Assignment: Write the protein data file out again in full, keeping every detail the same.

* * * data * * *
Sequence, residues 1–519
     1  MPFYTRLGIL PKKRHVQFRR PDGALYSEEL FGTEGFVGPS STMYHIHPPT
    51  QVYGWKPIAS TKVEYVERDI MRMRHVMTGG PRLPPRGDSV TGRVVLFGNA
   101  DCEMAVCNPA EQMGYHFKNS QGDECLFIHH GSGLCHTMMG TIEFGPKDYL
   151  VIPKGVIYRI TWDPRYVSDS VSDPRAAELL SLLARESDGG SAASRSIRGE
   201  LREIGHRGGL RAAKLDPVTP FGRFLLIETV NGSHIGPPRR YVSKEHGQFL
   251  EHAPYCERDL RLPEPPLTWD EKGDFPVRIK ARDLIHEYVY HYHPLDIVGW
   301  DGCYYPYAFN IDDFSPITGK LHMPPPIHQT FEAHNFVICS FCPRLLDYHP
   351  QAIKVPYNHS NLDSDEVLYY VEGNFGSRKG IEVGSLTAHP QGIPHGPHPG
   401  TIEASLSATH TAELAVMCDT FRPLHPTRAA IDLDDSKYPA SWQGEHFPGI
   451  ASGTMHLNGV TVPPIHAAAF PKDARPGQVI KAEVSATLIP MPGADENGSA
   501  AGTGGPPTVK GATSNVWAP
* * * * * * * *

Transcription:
Sequence, residues 1–519
     1  MPFYTRLGIL PKKRHVQFRR PDGALYSEEL FGTEGFVGPS STMYHIHPPT
    51  QVYGWKPIAS TKVEYVERDI MRMRHVMTGG PRLPPRGDSV TGRVVLFGNA
   101  DCEMAVCNPA EQMGYHFKNS QGDECLFIHH GSGLCHTMMG TIEFGPKDYL
   151  VIPKGVIYRI TWDPRYVSDS VSDPRAAELL SLLARESDGG SAASRSIRGE
   201  LREIGHRGGL RAAKLDPVTP FGRFLLIETV NGSHIGPPRR YVSKEHGQFL
   251  EHAPYCERDL RLPEPPLTWD EKGDFPVRIK ARDLIHEYVY HYHPLDIVGW
   301  DGCYYPYAFN IDDFSPITGK LHMPPPIHQT FEAHNFVICS FCPRLLDYHP
   351  QAIKVPYNHS NLDSDEVLYY VEGNFGSRKG IEVGSLTAHP QGIPHGPHPG
   401  TIEASLSATH TAELAVMCDT FRPLHPTRAA IDLDDSKYPA SWQGEHFPGI
   451  ASGTMHLNGV TVPPIHAAAF PKDARPGQVI KAEVSATLIP MPGADENGSA
   501  AGTGGPPTVK GATSNVWAP